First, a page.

13. Here's how they compare with dialnorm accounted for: Now that may account for some bad reviews from ppl listening from AVRs. JSS
  14. I have a possible answer. I went back and looked at the track data for the ATMOS and DTS tracks. The ATMOS track has a -26 setting for dialnorm, which means your AVR will reduce the overall volume by 5dB. I experienced the same thing with Transformers: Revenge of the Fallen. The regular edition was DTSHD with no dialnorm applied, the IMAX edition was Dolby TrueHD, with dialnorm applied at -27. When you changed the level to account for dialnorm, the mixes were much more similar. If you listened at your normal level, the IMAX version seemed to lack dynamics. But in truth, it was just being played back 4dB lower. My experience with it: https://www.avsforum.com/forum/113-subwoofers-bass-transducers/755493-master-list-dvd-hd-dvd-blu-ray-movies-bass-thread-waterfalls-123.html#post17394243 keep reading and you'll see echoed many similar sentiments about SM:FFH Great article on dialnorm: https://hometheaterhifi.com/volume_7_2/feature-article-dialog-normalization-6-2000.html JSS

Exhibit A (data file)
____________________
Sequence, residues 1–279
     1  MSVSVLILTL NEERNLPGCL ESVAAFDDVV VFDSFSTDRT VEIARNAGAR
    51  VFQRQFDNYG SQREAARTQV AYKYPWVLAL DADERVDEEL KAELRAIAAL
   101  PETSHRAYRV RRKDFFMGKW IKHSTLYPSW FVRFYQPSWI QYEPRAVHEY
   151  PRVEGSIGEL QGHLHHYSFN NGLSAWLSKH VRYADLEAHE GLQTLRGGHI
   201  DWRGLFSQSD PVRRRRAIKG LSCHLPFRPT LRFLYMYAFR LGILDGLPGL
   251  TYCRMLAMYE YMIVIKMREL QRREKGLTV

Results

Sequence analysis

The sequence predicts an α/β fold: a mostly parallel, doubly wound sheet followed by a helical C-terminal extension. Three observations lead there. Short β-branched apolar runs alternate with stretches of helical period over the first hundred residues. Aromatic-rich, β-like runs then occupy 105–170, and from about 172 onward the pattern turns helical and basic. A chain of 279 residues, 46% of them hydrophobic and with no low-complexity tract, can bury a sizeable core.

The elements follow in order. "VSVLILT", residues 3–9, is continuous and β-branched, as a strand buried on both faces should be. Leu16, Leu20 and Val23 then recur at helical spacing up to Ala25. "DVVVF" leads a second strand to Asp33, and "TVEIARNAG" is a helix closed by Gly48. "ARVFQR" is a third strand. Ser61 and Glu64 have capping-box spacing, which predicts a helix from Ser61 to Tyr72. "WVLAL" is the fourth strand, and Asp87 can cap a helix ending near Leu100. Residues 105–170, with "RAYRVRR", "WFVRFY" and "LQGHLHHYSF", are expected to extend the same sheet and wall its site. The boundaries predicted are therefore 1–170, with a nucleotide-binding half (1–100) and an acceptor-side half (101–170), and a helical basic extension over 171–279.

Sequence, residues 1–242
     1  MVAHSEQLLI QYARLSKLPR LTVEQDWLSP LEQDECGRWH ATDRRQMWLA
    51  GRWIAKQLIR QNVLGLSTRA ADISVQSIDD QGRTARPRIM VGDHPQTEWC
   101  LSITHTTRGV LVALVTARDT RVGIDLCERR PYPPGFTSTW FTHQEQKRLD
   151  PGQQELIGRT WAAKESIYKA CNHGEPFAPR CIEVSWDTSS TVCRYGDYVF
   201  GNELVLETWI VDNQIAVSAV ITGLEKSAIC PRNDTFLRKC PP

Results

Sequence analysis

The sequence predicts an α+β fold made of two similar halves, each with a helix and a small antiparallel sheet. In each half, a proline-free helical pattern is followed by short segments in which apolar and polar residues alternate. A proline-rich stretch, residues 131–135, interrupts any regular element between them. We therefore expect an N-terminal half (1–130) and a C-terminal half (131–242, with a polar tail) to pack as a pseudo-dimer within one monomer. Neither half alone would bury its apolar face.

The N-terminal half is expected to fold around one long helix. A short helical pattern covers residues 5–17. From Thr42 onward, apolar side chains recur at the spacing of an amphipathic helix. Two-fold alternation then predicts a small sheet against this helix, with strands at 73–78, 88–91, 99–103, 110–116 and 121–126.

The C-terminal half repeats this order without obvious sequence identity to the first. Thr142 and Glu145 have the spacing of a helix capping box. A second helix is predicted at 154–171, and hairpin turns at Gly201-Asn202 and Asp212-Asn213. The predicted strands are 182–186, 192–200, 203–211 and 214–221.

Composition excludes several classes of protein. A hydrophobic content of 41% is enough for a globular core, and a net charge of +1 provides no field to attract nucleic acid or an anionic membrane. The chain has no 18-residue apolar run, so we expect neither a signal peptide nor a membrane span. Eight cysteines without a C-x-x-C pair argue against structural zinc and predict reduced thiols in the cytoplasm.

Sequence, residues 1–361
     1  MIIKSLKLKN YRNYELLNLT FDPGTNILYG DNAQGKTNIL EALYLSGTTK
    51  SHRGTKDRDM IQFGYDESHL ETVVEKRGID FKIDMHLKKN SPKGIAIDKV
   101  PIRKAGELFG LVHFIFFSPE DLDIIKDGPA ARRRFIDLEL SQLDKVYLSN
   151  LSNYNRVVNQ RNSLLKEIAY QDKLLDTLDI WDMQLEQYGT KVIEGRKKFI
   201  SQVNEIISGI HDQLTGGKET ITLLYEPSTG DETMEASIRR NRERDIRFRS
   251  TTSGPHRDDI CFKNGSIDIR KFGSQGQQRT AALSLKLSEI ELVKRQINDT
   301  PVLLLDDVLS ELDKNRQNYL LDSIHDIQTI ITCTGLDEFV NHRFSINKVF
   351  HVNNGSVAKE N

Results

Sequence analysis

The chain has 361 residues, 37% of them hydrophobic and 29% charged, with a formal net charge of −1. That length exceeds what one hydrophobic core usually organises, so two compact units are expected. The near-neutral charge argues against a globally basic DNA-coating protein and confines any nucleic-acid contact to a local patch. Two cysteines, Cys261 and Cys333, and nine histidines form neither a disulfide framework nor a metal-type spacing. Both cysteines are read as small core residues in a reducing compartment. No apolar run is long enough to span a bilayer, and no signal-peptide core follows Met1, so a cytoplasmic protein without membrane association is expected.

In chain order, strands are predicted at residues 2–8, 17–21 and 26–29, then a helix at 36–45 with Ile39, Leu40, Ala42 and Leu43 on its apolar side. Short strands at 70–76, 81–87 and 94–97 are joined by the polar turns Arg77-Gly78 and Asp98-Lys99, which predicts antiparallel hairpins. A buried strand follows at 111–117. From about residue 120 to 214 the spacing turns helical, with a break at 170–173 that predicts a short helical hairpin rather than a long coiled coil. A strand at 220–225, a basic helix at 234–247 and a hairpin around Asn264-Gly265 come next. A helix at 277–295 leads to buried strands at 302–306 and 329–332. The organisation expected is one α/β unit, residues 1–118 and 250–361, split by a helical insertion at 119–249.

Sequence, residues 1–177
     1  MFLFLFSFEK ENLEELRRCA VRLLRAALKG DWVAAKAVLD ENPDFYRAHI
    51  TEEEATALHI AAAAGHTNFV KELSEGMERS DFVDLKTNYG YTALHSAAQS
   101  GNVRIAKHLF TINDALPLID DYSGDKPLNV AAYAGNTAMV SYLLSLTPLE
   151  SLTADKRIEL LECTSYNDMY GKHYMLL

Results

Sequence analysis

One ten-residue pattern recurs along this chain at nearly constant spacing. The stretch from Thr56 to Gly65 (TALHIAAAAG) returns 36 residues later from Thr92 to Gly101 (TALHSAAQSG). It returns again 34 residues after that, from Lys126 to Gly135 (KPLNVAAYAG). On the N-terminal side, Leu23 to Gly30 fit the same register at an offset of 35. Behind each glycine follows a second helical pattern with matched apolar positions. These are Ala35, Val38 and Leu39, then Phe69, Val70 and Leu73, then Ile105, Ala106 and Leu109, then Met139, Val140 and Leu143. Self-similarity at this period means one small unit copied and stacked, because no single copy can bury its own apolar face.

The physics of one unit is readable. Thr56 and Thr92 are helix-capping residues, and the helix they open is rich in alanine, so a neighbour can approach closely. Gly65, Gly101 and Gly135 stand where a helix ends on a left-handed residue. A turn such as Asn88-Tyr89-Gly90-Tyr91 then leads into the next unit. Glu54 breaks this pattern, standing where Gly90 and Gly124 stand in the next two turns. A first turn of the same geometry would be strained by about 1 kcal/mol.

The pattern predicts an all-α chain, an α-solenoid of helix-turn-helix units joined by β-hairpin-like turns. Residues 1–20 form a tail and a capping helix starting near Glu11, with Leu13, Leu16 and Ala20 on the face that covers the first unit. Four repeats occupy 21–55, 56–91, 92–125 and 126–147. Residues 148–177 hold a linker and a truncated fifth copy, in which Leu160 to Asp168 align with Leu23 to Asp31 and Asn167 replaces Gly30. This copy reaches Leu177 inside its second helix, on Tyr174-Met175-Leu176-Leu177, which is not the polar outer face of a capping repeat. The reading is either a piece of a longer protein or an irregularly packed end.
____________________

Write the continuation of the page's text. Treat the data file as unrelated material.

15. The LFE channel is a separately encoded channel, that in cinema will ONLY go to the LFE system. For us at home, BOTH the low freqs from LCRS AND the LFE (played back 10dB hotter) added up go to our subs. So the LFE channel dominates any PvA graph, and the Avg graph is the average of the whole film, so between these two mixes, they will be close. In this case, only around 1dB different. But the Peak graph shows you more in the midbass and upper midbass, sometimes 4-5dB hotter in the DTS track. That is very noticeable when listening. That could be in the LFE, or the LFE summed with the LCRS. The increased midbass is possibly a reason the DTS track is more highly rated. Looking at each individual channel between the two will tell us more. To get down to brass tacks, we can graph specific effects and compare things, but that can get tedious. If you know of specific effect timestamps that have been panned on the ATMOS track compared to DTS, I can compare them. JSS
  16. Bumblebee BEQ (ATMOS 7.1 channel bed) The effects that matter get more weight. Also got rid of ULF noise in LCRS that was prevalent in the mix. Correction: LFE: 1. Gain: -7dB 2. Low Shelf: 10Hz, Slope 1, Gain 6dB 3. Low Shelf: 16Hz, Slope 2, Gain 5dB (3 filters for 15dB total) 4. Low Shelf: 32Hz, Slope 0.5, Gain 2.7dB LCRS: 1. Gain -7dB 2. Low Shelf 22Hz, Slope 1.2, Gain 5.25dB (3 filters for 15.75dB total) 3. low Shelf 44Hz, Slope 0.5, Gain 0.7dB 4. Highpass Filter, 2Hz, 6dB/oct JSS